int indexP2 = 0;
    int indexP3 = 0;
    int indexP4 = 0;

    for(int i = 0; i < deck.Length; i++)
    {
      if(currentCardsP1 < maxCardsInHand)
      {
        player1[indexP1] = shuffledDeck[i];
        currentCardsP1++;
        indexP1++;
      }else if(currentCardsP2 < maxCardsInHand)
      {
        player2[indexP2] = shuffledDeck[i];
        currentCardsP2++;
        indexP2++;
      }else if(currentCardsP3 < maxCardsInHand)
      {
        player3[indexP3] = shuffledDeck[i];
        currentCardsP3++;
        indexP3++;
      }else if(currentCardsP4 < maxCardsInHand)
      {
        player4[indexP4] = shuffledDeck[i];
        currentCardsP4++;
        indexP4++;
      }
    }
    Console.WriteLine("--------------------------------------------------------------------------------------");
    Console.WriteLine(string.Format("{0, -20} | {1, -20} | {2, -20} | {3, -20}", "Player1 - Cards", "Player2 - Cards", "Player3 - Cards", "Player4 - Cards"));
    Console.WriteLine("--------------------------------------------------------------------------------------");

    for (int j = 0; j < 13; j++)
    {
      Console.WriteLine(string.Format("{0, -20} | {1, -20} | {2, -20} | {3, -20}", player1[j], player2[j], player3[j], player4[j]));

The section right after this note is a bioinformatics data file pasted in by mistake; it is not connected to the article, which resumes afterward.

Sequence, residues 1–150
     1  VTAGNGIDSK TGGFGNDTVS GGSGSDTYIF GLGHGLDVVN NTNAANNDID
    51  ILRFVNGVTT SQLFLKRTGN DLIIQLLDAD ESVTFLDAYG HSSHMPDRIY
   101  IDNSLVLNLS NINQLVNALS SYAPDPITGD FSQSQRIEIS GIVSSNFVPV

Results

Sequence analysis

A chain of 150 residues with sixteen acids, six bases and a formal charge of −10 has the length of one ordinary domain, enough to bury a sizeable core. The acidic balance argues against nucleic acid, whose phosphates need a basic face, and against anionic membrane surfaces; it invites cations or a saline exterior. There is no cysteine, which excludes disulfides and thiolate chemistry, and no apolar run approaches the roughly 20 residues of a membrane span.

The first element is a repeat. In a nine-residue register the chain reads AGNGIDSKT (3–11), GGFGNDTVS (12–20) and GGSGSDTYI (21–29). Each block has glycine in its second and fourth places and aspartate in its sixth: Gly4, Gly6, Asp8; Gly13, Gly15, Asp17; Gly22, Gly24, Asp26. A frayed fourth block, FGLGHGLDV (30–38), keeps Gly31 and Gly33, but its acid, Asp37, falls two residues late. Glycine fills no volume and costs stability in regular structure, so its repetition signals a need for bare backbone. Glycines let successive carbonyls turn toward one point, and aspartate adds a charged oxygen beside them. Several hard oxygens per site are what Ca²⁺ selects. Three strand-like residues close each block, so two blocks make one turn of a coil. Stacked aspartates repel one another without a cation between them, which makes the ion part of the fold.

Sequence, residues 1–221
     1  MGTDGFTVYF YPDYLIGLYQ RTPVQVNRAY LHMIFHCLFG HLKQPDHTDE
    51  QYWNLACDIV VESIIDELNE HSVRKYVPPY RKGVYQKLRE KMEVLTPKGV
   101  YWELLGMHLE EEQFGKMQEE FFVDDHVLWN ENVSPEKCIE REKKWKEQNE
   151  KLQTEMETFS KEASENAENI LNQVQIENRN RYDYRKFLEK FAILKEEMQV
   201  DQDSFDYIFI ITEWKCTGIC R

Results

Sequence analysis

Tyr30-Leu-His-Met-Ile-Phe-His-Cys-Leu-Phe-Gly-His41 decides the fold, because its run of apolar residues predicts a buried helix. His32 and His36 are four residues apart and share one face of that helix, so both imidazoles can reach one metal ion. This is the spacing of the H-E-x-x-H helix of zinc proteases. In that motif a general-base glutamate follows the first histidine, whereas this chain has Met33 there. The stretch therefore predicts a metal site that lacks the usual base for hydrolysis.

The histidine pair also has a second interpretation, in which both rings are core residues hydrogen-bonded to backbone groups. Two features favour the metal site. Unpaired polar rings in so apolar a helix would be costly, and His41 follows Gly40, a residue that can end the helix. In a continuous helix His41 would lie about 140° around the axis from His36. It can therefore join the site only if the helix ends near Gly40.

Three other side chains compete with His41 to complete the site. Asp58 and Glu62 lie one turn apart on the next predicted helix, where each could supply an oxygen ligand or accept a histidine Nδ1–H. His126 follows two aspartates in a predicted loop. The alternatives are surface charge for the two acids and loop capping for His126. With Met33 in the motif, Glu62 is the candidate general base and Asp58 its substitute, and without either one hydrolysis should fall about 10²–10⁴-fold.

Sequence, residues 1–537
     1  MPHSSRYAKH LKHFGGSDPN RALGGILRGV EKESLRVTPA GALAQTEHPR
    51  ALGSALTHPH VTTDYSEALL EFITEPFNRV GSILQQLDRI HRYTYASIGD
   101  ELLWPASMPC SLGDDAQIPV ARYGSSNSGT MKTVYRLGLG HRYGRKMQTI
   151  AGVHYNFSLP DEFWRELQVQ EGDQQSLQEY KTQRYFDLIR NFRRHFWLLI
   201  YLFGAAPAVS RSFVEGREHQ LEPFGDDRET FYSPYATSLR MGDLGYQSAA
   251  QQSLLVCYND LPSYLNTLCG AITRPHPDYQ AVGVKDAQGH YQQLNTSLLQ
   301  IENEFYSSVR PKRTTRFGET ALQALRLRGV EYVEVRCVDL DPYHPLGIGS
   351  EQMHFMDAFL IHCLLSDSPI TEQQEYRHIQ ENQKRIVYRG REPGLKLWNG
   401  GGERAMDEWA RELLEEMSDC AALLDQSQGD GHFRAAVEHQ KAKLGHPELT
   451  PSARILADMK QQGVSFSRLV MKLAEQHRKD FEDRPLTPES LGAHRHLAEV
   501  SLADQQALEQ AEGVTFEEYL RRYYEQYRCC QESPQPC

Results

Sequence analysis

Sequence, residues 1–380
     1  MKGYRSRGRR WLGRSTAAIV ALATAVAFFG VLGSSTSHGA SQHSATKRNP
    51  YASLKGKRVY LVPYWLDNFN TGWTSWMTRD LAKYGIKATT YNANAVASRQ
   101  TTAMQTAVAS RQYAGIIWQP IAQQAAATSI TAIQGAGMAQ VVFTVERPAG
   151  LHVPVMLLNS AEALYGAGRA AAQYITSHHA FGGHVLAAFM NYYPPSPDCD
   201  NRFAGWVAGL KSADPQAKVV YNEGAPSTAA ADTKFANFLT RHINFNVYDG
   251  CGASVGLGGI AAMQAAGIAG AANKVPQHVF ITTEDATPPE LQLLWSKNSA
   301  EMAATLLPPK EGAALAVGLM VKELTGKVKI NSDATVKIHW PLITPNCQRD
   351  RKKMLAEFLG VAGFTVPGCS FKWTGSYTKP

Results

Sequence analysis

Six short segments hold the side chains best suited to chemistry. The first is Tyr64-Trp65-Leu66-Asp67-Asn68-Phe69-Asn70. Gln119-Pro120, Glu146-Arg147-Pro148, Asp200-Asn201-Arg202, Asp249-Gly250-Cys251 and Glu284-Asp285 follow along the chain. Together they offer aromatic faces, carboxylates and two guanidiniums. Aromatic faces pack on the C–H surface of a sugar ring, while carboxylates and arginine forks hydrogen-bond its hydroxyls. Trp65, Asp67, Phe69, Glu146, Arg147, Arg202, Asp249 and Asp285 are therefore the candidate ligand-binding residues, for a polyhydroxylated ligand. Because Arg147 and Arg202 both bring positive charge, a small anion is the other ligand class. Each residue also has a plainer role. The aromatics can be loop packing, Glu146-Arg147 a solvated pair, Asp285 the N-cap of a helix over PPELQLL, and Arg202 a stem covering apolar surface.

}
  }
}

I'm using net6.0

cardShuffle shuffle = new cardShuffle();

shuffle.Start(1);

With the start Method, it takes an integer of how many times you want to shuffle the deck. If you put in 0 the output will be nothing. Please keep that in mind it's not a bug, that's intended.

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1 Answer 1

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Modeling the real world

You've clearly drawn inspiration from the real world. That's a good thing. A lot of programming and the design that goes into it can be modeled based off of real life.

However, sometimes there are better ways to algorithmically approach something that doesn't quite work in real life. It's okay to not see this on the first pass when you write your code, but you should re-evaluate your code a second time to look for improvements.

Most if not all of the below review points are things you could have found on a second pass of your code. With experience, you'll learn to spot these yourself.


Defining your cards and deck